Over the past 4 decades, our planet has warmed by 0.5 degrees Celsius. Now, he said, you may think that 0.5 is a very small figure, why are we so worried? Schellnhuber said, think of the planet like a body. The earth's temperature is predicted to rise by 2 degrees Celsius in the coming decades. It's like having a fever - it puts your body in a poor situation. If we think about the body, 37 degrees normal body temperature is very different from 39 degrees.
What more if the increased temperature is more than 2 degrees?

He dismissed the notion of Geoengineering (eg releasing SO2) into the atmosphere as a mere fairy tale solution to the earth's climate problems.

Some other notes:
- Transport problem is the hardest to solve; consumes the most energy
- We need a bottom-up approach
- Making a social contract for sustainability through Twitter? Why not!
- Fossil fuel subsidies are an extremely inefficient means of assisting the "poor", however we continue to support them, around $600 billion -- could have been used instead to fund research projects into renewable energy
- Sea level rise will be very uneven and will especially affect the Small Island States

I am glad I was in attendance. I wanted to ask him what he thought the role of the youth was in achieving a social contract for sustainability, but we ran out of time. What do you think? :)

Image from
- Mon

PhilYouthDel on twitter

Hello! :D

Our youth delegation has an official twitter account now. 
Follow our twitter here: Send us your thoughts, ideas, and tell us what you are passionate about when it comes to the environment.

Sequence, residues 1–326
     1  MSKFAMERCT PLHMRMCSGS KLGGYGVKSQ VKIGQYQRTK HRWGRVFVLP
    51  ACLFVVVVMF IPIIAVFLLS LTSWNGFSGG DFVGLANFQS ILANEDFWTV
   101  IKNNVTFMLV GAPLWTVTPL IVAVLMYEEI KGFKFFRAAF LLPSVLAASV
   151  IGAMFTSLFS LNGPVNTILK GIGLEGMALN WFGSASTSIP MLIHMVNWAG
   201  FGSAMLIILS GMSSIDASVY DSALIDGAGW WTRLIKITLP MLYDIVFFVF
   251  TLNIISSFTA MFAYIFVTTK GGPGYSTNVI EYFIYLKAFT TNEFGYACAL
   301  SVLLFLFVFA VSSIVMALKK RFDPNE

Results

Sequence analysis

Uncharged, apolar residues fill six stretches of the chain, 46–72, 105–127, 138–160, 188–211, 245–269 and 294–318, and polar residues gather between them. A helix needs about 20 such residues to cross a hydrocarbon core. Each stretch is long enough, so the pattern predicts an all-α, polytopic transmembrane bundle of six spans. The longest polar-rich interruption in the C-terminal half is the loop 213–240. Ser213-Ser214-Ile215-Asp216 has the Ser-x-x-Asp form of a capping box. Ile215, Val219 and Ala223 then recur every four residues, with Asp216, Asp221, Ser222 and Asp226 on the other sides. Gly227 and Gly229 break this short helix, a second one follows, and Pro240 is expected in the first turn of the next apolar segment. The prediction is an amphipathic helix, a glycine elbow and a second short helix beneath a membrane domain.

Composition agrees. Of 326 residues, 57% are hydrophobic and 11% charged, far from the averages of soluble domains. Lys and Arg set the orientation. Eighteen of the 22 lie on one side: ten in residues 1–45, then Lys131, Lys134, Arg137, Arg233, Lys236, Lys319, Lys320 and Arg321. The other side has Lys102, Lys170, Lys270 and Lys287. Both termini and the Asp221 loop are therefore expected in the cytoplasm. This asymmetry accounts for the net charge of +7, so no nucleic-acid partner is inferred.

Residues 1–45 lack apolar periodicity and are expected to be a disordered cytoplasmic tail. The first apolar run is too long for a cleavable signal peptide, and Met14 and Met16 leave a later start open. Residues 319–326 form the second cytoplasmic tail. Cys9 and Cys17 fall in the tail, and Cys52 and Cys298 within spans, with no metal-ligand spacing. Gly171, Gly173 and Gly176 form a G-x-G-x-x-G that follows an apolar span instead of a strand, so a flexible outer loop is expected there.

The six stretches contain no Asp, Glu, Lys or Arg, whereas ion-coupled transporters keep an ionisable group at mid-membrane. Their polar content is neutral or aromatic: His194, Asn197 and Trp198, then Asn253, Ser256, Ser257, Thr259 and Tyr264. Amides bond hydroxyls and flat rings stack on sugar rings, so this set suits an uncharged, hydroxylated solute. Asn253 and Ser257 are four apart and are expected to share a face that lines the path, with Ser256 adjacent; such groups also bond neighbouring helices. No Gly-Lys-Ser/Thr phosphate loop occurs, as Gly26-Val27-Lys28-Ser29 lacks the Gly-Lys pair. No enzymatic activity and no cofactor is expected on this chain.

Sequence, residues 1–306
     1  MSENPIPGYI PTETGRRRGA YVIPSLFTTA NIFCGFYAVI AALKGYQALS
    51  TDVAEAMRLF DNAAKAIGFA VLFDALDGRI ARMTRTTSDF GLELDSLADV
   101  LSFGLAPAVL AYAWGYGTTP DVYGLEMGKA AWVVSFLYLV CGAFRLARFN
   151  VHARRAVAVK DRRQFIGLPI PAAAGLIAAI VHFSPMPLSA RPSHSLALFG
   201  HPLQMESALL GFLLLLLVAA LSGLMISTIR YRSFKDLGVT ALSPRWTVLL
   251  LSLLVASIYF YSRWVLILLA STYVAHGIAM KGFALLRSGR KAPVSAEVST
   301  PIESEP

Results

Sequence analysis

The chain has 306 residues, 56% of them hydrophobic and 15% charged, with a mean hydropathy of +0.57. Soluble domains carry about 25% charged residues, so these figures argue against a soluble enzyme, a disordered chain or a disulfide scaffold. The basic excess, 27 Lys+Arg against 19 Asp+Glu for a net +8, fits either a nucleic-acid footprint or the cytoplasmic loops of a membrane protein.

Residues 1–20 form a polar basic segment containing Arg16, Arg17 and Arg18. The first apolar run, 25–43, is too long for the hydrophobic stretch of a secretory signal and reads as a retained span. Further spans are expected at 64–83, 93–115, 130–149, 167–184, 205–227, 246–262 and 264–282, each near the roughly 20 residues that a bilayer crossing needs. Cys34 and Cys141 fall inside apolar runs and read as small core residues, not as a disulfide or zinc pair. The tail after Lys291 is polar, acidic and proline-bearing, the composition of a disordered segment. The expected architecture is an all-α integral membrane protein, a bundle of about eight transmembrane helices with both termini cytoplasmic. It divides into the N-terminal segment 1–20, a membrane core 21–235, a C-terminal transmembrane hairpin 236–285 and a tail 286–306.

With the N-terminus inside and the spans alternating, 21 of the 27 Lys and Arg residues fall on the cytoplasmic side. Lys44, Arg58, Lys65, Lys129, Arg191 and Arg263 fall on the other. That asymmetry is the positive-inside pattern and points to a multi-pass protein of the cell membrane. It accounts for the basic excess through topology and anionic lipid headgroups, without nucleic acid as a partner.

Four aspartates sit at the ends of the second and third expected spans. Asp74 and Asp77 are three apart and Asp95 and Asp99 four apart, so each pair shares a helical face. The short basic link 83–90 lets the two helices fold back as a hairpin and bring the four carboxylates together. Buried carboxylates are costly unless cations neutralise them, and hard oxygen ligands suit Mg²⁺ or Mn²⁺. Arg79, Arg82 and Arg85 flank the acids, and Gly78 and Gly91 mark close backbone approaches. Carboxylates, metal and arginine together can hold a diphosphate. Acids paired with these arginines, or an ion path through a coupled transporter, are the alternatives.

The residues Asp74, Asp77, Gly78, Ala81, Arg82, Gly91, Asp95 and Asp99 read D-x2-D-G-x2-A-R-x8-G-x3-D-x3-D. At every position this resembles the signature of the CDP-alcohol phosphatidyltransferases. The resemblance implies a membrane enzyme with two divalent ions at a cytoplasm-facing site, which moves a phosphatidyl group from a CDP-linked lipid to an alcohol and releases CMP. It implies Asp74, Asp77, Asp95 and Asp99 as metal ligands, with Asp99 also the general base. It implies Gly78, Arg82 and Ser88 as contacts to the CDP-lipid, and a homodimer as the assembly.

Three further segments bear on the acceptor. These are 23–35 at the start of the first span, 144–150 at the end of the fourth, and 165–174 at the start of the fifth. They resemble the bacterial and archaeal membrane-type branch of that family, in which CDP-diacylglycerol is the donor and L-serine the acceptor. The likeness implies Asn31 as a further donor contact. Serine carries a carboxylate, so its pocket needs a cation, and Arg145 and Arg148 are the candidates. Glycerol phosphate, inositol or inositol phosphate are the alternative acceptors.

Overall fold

Mabuhay ang Pilipinas! Let's make the youth climate movement strong!

Tuesday, November 15, 2011


Hello again, blogging world! My name is Monica. I've been chosen to be a youth delegate at the United Nations Framework Convention on Climate Change Conference of the Parties (UNFCCC - COP 17). It's kind of like a big battleground for climate change policy, only the warriors are dressed in business suits, merits are PhDs and important governmental titles, and words are the weapons of choice. It's going to be exciting, frustrating, triumphant and disappointing all rolled into one.

I'm a Filipina studying Environmental Science in Copenhagen and my pursuit of science has taken me to great places around the globe. I'll try my best to share what I experience and what I'm thinking! :)

I think it's important to have a sense of wonder for the outside world. From there the care and concern for its conservation and protection is deep and genuine.

Climate change is a battleground, so it's best to come passionate, it's best to be genuine. Otherwise what are you fighting for?

To end, here's a quote from one of the most influential women in the environment, Rachel Carson, who espoused the sense of wonder: "Those who dwell, as scientists or laymen, among the beauties and mysteries of the earth are never alone or weary of life."